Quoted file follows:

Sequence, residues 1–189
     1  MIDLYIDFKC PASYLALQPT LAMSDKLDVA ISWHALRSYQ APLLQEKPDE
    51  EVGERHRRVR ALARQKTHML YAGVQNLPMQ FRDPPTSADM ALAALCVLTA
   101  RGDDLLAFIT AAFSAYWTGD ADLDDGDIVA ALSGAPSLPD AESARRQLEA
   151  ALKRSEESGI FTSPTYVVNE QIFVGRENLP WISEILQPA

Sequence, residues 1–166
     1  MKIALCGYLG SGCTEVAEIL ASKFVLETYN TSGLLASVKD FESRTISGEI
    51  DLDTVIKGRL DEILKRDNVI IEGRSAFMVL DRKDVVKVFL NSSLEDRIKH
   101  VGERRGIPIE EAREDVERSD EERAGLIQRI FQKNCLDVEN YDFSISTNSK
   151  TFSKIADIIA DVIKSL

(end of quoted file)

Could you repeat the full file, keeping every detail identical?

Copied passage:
Sequence, residues 1–189
     1  MIDLYIDFKC PASYLALQPT LAMSDKLDVA ISWHALRSYQ APLLQEKPDE
    51  EVGERHRRVR ALARQKTHML YAGVQNLPMQ FRDPPTSADM ALAALCVLTA
   101  RGDDLLAFIT AAFSAYWTGD ADLDDGDIVA ALSGAPSLPD AESARRQLEA
   151  ALKRSEESGI FTSPTYVVNE QIFVGRENLP WISEILQPA

Sequence, residues 1–166
     1  MKIALCGYLG SGCTEVAEIL ASKFVLETYN TSGLLASVKD FESRTISGEI
    51  DLDTVIKGRL DEILKRDNVI IEGRSAFMVL DRKDVVKVFL NSSLEDRIKH
   101  VGERRGIPIE EAREDVERSD EERAGLIQRI FQKNCLDVEN YDFSISTNSK
   151  TFSKIADIIA DVIKSL